Men and women starting to write are given the advice to write what they have to write as shortly and clearly as possible and saying exactly what they have in them. But none adds to say “and choose your patron wisely”. Because the patron is not only the paymaster but also the instigator and inspirer of what is written, so he should be a desirable man.
But who will take the best out of the writer’s brain? The Elizabethans chose the aristocracy to write for and the playhouse public (pubblico di teatro). The 18th century patron was a combination of coffee-house wit and Grub street bookseller. In the 19th century the great writers wrote for the half crown magazines and the leisured (agiate) classes. But for whom should we write? There is a great variety of patrons. There is the weekly, the daily and the monthly press, the English and the American public, the bestseller public and the worst-seller public, the highbrow public and the red-blood public, organized entities making their needs known. So the writer who has been moved by the sight of the first crocus in Kensington gardens has to chose the patron who suits him best. It is futile to say “think only of your crocus” because writing is a method of communication and the crocus is imperfect until it has been shared. There are some writer who write for themselves alone but they are unenviable and an exception.
The high minded will say that it should be a submissive public, accepting obediently whatever he likes to give it. But great risks are attached to it. In that case the writer remains superior to its public (as in Samuel Butler, George Meredith and Henry James). Each failed to attain (raggiungere) a public. Their crocuses are tortured plants. The opposite extreme is to give 20 pounds for a crocus which shall blossom (sbocciare) upon every breakfast table. But will one crocus be enough? The press is a great multiplier of crocuses but some of these plants are very distant from the original flower. The newspaper crocus is amazing but still a very different plant. It is beautifully finished but when the night comes these flowers fade. The most brilliant of the articles when removed from its element is dust and sand.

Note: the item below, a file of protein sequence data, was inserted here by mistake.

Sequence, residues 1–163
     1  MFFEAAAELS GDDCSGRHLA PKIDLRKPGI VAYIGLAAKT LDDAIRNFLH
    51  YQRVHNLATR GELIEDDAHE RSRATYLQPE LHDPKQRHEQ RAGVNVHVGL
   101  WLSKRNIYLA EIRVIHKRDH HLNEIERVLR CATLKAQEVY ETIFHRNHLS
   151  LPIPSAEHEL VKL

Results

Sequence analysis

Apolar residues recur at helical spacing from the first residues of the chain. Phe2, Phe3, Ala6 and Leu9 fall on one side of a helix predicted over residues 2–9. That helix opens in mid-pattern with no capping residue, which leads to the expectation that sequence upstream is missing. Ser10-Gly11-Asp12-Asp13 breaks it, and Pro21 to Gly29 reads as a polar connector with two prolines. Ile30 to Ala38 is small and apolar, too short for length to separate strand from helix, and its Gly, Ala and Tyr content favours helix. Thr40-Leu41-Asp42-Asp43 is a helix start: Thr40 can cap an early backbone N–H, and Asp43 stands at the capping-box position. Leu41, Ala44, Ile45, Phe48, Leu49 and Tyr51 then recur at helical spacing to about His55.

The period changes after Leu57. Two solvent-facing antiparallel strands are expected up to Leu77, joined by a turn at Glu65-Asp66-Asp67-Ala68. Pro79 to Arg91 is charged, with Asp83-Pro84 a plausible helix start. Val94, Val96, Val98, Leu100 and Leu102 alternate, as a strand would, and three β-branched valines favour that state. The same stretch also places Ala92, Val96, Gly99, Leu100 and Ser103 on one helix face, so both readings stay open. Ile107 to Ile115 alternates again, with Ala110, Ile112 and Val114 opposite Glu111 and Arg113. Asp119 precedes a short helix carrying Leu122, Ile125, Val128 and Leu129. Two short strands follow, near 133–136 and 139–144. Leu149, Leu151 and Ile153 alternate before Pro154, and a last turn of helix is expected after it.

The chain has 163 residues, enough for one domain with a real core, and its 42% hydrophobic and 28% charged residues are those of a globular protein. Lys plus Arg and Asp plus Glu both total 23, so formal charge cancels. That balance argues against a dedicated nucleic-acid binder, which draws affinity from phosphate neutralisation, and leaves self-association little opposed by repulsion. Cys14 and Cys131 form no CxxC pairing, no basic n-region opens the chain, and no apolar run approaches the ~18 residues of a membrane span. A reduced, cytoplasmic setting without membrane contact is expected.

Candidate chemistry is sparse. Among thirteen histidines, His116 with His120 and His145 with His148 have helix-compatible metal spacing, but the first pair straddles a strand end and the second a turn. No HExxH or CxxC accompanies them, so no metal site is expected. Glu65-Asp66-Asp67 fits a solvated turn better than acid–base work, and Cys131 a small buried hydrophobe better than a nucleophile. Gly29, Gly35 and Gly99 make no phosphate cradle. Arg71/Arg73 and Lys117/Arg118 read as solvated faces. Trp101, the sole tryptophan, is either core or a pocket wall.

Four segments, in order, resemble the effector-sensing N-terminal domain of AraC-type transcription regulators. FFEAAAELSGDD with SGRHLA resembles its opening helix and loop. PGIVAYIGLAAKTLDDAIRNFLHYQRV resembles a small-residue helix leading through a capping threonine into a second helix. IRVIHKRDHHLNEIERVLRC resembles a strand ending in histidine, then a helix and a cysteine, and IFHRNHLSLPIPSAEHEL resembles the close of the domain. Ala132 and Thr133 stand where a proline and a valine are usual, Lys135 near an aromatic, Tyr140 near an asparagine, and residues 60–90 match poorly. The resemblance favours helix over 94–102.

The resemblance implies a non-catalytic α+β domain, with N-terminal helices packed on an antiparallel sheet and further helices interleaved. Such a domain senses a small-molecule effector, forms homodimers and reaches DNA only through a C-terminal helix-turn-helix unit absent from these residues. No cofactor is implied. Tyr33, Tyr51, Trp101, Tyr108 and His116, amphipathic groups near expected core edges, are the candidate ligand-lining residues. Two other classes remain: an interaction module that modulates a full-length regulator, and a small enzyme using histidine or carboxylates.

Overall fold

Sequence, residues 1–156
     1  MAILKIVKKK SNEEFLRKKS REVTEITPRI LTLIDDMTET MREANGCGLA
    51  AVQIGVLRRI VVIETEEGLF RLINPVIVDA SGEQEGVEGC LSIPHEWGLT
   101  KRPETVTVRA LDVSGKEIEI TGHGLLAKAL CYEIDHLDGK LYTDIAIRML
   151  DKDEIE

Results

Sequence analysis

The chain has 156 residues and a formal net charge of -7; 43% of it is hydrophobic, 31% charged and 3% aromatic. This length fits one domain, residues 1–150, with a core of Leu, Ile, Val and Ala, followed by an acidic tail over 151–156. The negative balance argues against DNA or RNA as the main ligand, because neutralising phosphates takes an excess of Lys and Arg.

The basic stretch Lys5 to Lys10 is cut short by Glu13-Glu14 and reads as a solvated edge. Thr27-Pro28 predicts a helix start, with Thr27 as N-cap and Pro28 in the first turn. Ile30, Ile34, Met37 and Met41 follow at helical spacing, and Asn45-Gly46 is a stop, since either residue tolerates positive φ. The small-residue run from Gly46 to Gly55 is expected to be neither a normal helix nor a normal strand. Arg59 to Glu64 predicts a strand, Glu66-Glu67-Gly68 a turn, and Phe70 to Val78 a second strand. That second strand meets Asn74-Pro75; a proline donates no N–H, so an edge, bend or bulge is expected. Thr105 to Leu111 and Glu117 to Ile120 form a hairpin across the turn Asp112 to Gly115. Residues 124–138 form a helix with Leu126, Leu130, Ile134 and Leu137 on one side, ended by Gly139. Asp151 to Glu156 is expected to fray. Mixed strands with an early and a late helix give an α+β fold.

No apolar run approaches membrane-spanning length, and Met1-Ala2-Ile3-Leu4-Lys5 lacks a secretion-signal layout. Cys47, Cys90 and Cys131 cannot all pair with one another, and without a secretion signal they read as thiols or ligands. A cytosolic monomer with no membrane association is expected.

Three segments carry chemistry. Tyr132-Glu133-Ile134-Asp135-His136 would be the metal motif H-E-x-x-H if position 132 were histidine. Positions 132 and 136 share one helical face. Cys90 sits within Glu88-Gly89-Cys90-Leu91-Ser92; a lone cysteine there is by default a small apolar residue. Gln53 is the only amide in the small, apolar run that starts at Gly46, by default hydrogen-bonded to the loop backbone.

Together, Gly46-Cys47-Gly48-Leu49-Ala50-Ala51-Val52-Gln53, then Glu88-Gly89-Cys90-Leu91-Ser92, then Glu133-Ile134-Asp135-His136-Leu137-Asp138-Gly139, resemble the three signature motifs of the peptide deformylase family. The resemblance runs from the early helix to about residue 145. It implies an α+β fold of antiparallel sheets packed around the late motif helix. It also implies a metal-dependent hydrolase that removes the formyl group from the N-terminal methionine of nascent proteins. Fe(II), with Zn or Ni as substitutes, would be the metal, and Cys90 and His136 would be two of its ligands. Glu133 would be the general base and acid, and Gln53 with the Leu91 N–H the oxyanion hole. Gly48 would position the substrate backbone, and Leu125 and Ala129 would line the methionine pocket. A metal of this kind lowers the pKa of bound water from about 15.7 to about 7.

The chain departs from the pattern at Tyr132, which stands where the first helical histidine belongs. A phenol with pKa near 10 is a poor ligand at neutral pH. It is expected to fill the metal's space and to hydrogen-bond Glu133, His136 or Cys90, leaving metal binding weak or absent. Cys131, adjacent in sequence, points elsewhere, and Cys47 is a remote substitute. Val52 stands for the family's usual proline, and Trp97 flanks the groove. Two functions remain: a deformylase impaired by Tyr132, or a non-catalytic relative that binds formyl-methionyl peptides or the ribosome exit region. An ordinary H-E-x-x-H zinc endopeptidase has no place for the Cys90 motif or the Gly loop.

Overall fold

Journalism in a book is unreadable. The patron we want then is somebody who helps us preserve our flowers from decay. To know whom to write for is to know how to write. The writer will require a patron with the book-reading habit rather than the play-going habit. He must be instructed in the literature of other times and races. There is the question of indecency so the patron must be immune from shock. He must be a judge of the social influences which play a great part in modern literature, and being able to say which fortifies and which makes sterile. He should brace (sostenere) a writer against sentimentality and a fear of expressing his feelings. It is worse being afraid of feelings than feel too much. About language he would say that Shakespeare violated much grammar. And to forget the sex because a writer has none.but the patron’s prime quality is something that can be expressed by the world atmosphere. He should envelop the crocus in an atmosphere which makes it appear a plant of the very highest importance. He must make us feel that a single crocus, if real, is enough for him, he does not want to be elevated, improved. He is now ready to efface himself or assert himself as his writers require. He is bound to them. The fate of literature depends upon their happy alliance; the choice of a patron is of the highest importance. But how to choose rightly? How to write well?